Reliability, not principally speed, will drive 5G

Tech bosses spilled some beans at the recent CES show: 5G isn’t just about high speeds and capacity

Reliability, not principally speed, will drive 5G
Stephen Lawson

Brand-new research from a consultant and a trade body released last week estimates the deployment of 5G networks could create up to 3 million jobs. Accenture, along with CTIA, also predict the new radio networking technology will add $500 billion to the American GDP.

That's good news. However, questions about 5G remain. And they’re unrelated to the actual physics of the technology—which doesn’t really exist yet. The questions include an important matter: What’s going to drive these kinds of high-flown claims, and why is 5G being trumpeted as special? Is it really such a quantum leap over existing networks?

Starting with the last query, the answer is simple and is, in fact, a yes—at least in a rhetorical sense. That’s because SK Telecom, Korea’s largest mobile network provider is going to use the term “quantum” in its marketing tag lines, according to Alex Choi, the company's CTO and one of the speakers at a please-spill-the-beans session hosted by telco equipment maker Ericsson at the Consumer Electronics Show (CES) in Las Vegas earlier this month.

That tasty fact—and a separate, surprising giveaway—was parlayed by the heavyweight bosses there.

5G will provide network reliability

Reliability is what is required these days in a mobile network, said Ericsson CTO Ulf Ewaldsson. That’s why there’s the market for 5G, he says. It’s going to finally be the network that provides the dependability.

“4G was all about smartphones,” and 5G “is the network for all the things,” he said, bringing, for the first time ever, complete and instant-delivered reliability.

Speed, capacity, no-latency delivery is clearly important, but not actually the number one driver.

The most important thing is “guaranteed service,” said fellow panelist Dr. Fathi El-Dwaik, vice president of information and communication electronics at BMW, when asked by moderator Ina Fried, an editor at ReCode, what 5G was all about.

In other words, both say 5G isn’t just a low-power sensor, high-bandwidth, upgraded speed and capacity data pipe. It’s an upgrade in terms of reliability, and that’s what’s most important. 5G’s proposition is one of extreme reliability foremost, above everything, these experts said.

A guaranteed air time and data rate is what BMW wants from 5G, El-Dwaik explained. The reason is principally for safety. One cannot have self-driving cars that don’t transmit data properly.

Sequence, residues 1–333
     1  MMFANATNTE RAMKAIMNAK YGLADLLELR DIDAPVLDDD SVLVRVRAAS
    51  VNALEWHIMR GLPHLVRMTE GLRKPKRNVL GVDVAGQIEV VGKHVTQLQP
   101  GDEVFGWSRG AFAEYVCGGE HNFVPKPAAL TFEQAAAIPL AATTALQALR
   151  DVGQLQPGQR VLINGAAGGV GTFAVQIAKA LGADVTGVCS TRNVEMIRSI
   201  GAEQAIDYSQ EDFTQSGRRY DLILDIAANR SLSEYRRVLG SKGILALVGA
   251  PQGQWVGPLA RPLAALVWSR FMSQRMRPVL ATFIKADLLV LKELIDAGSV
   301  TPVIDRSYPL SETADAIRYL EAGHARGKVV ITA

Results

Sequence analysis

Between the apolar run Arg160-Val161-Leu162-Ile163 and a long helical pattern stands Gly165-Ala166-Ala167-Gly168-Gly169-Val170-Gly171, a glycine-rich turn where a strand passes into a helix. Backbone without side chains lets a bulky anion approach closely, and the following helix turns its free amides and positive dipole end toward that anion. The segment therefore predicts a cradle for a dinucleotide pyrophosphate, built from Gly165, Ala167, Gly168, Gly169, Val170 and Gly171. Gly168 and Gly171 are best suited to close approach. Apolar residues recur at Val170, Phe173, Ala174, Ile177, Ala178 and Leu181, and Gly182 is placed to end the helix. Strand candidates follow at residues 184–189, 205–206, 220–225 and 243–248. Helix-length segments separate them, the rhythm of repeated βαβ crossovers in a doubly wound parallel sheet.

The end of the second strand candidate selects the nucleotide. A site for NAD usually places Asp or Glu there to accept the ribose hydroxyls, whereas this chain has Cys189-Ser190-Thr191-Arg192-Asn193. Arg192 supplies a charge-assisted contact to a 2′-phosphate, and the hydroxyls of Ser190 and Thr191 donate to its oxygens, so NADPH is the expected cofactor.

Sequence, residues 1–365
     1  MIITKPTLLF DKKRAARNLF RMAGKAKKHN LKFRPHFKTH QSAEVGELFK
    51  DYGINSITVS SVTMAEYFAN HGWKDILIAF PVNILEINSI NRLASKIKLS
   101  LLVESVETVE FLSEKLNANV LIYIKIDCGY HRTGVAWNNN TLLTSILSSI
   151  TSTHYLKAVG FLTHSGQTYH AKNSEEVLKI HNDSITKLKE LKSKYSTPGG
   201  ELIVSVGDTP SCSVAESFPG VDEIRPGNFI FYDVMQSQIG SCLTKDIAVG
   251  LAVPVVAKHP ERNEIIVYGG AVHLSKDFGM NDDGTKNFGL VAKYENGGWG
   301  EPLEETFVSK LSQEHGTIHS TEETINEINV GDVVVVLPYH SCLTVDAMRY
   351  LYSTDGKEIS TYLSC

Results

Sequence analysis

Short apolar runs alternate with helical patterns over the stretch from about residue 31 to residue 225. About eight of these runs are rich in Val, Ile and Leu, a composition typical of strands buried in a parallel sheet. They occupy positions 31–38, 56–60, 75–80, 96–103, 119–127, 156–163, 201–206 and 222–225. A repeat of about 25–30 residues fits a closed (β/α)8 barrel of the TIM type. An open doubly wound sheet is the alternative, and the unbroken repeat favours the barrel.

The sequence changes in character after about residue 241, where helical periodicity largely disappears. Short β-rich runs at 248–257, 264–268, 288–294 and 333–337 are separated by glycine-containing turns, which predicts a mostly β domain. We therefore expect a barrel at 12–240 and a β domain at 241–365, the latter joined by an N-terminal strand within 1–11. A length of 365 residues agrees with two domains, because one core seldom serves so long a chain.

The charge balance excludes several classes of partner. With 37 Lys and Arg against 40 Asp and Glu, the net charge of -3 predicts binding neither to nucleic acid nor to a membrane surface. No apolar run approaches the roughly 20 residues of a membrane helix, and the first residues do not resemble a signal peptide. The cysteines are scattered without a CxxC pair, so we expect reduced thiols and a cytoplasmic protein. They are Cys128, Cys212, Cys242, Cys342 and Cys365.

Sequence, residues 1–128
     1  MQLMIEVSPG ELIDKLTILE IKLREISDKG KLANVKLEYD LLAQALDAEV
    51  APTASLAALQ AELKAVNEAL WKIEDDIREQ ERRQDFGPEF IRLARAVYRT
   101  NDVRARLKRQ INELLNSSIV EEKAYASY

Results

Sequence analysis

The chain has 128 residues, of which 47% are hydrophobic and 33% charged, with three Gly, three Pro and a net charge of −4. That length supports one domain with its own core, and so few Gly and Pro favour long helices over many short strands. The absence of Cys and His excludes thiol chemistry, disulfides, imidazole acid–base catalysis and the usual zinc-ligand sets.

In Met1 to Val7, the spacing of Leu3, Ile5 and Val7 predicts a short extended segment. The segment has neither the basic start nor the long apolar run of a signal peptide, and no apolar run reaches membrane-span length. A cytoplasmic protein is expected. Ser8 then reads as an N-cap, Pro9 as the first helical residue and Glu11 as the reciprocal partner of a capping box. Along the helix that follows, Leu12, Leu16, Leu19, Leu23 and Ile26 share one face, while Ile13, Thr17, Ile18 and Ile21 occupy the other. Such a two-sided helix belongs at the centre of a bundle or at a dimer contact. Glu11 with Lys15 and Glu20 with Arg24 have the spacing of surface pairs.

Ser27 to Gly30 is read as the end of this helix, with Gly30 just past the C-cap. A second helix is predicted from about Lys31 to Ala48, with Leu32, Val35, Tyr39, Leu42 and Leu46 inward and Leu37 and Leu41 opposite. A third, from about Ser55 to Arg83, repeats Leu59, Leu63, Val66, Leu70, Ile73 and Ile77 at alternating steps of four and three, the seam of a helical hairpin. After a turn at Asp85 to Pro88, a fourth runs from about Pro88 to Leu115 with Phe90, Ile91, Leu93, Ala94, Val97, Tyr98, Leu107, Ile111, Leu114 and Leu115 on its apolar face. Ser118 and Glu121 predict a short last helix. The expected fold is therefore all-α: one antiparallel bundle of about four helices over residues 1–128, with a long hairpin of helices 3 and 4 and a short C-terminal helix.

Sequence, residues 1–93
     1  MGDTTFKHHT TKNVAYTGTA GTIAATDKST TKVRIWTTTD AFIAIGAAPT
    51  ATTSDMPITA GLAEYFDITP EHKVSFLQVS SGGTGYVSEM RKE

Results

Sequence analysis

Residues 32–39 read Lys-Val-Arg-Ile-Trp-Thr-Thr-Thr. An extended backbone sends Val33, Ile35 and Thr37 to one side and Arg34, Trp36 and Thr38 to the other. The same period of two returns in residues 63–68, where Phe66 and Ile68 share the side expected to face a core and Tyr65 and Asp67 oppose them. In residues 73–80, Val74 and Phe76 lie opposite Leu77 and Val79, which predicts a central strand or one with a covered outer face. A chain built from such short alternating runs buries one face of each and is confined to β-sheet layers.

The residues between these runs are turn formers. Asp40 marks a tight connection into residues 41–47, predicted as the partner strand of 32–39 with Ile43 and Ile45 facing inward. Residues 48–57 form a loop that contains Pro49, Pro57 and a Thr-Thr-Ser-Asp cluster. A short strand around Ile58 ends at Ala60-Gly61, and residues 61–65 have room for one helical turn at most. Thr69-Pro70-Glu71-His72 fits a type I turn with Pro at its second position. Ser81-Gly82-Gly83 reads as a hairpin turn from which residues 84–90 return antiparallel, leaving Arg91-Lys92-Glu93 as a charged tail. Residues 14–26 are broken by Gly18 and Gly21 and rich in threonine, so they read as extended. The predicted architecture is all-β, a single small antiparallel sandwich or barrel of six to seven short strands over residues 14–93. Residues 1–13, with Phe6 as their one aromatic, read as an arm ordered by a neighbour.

Cars are an important market for 5G. Smart cities operating 5G-powered vehicle traffic systems, along with 5G management of electrical grids (Accenture and CTIO lumps those markets together) “could bring in $160 billion in savings while reducing commute times and improving public safety,” according to a report from Accenture and CTIO.

Hollywood needs 5G for movie streaming

“Reliability is still not at the point we would want it to be,” said Hanno Basse, CTO of media company 20th Century Fox, at the panel of the current “mobile space.” In his case, he was talking about mobile video—specifically, a niggling problem that Hollywood has in that they can’t bill for movie streaming if the service is iffy.

That’s why Basse wants 5G. He wants to be able to "pre-seed" the network with movie content. But he needs reliability to do that. He used an example of placing content on consumer devices. It can’t not be there when the consumer chooses to look at it.

Uplink experience will also be vastly improved with 5G, Choi said. That plays into consumers’ right-now thwarted desire to create live own-media content. High-end quality is something virtually impossible for a consumer to achieve right now on mobile networks. Professional broadcasters will benefit from it, too, he said.

“People on their daily commute will have time to watch video,” Basse said of the industry-upending future scenarios where cars are autonomous.

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Watching video needs to be seamless, too. People need to be able to pause the media and pick it up again on a TV, say, when they get to their destination. The data pipe needs to be “ubiquitous” to handle that, he said.

20th Century Fox is working with Ericsson to figure out that automotive-to-home media delivery solution, Basse disclosed.

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